Due to his interest in baseball, Lardner began putting stories in his newspaper column that were purportedly written by unlettered athletes. Lardner, who had an excellent ear for dialogue, actually wrote these stories in the voice of the fictional rookie ballplayer Jack Keefe, a White Sox pitcher, who writes letters to his friend Al Blanchard back home in Bedford, Indiana. They remain peerless.
You Know Me Al gives a detailed account of Jack Keefeís problems and concerns that he encounters in the big leagues. Having first been bought by the Chicago White Sox, he is then sold to San Francisco, re-bought by Chicago, and eventually passed onto the New York Giants. Throughout the book and his letters Jack gives his complaints, shows off, and makes fanciful justifications on what is taking place on the field. Indeed the stories reveal baseball folkloreónow and then.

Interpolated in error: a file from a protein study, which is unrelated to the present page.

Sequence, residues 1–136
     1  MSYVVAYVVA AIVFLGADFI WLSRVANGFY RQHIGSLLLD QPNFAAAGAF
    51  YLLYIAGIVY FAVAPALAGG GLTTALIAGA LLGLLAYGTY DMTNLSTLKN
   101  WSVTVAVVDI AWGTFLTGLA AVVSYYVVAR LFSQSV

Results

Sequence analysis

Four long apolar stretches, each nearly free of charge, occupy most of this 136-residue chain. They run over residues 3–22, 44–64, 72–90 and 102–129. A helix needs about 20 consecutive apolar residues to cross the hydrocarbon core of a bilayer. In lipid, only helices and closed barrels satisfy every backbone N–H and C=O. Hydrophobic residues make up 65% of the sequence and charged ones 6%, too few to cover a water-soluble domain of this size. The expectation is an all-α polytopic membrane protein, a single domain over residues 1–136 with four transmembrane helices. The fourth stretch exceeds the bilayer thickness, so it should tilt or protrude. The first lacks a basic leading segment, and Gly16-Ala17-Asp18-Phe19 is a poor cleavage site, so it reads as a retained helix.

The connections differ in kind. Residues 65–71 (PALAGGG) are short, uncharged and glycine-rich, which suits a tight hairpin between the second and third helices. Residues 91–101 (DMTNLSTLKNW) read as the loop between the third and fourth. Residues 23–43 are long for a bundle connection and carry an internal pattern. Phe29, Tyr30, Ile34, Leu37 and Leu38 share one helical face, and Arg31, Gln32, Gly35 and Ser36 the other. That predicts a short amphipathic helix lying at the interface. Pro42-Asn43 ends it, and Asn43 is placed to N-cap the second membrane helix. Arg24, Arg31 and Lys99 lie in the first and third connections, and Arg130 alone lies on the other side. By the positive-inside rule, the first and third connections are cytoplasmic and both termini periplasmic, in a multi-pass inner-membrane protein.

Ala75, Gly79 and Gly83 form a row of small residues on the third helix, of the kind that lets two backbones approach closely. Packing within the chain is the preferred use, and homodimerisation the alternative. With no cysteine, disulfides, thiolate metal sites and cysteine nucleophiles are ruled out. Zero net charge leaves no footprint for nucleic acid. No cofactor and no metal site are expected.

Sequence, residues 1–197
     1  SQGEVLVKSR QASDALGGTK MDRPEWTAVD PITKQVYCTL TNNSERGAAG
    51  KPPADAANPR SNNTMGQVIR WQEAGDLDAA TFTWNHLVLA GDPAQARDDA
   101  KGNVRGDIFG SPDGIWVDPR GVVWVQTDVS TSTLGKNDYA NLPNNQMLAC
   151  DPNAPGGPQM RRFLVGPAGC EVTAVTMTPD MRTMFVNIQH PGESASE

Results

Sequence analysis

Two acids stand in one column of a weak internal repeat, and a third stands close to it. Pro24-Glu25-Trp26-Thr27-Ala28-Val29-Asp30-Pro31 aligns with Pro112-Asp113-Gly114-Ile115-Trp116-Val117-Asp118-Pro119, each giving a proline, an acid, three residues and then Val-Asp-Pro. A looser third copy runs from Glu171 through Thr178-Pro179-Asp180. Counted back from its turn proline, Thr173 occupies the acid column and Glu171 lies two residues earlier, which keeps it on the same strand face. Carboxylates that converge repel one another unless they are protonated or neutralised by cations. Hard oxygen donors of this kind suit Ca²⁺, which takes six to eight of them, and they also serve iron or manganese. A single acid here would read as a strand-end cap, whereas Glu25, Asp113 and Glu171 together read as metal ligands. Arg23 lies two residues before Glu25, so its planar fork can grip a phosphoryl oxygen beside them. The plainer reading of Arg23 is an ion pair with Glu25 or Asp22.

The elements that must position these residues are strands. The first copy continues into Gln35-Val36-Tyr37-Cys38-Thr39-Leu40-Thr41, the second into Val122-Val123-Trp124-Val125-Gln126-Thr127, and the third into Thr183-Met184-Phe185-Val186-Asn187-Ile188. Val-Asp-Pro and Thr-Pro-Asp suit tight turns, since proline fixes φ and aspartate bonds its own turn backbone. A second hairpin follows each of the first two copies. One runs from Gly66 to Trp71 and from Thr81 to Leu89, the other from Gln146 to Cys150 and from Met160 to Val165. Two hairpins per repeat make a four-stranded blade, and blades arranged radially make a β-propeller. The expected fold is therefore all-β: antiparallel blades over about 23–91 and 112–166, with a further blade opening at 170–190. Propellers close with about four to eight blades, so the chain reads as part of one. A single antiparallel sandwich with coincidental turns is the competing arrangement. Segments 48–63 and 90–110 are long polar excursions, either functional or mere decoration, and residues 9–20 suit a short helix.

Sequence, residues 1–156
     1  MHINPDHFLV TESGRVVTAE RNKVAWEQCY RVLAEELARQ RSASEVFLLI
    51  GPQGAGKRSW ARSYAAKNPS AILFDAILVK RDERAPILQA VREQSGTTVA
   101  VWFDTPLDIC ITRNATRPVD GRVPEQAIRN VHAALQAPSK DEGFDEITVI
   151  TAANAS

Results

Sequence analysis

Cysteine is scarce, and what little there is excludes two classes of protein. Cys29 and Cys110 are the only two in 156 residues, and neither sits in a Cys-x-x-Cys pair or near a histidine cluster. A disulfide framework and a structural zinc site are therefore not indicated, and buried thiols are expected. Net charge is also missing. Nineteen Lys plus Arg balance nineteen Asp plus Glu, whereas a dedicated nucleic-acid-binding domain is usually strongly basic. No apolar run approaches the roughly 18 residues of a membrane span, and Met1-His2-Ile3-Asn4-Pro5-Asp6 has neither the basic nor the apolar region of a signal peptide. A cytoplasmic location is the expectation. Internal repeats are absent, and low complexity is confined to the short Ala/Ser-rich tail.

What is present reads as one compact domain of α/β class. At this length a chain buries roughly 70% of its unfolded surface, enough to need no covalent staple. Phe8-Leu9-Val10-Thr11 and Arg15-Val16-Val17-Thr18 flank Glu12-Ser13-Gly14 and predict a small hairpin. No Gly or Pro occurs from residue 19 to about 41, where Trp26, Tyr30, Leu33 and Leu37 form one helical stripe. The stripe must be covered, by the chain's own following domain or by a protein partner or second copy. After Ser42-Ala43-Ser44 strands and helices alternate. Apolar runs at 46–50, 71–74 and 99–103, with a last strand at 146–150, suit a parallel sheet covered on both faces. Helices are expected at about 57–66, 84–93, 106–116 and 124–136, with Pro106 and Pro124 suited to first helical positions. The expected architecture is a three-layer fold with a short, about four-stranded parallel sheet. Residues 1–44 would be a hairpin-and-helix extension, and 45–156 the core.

Several streams of American comic tradition merge in You Know Me Al: the comic letter, the wisecrack, the braggart character, the use of sporting vocabulary and fractured English as a means to carry on apologetics. This collection of short stories revealed Lardnerís talent for the sports idiom he made famous and is also credited with being one of the first books to criticize the excesses, hero-worship, and myth-making of sports.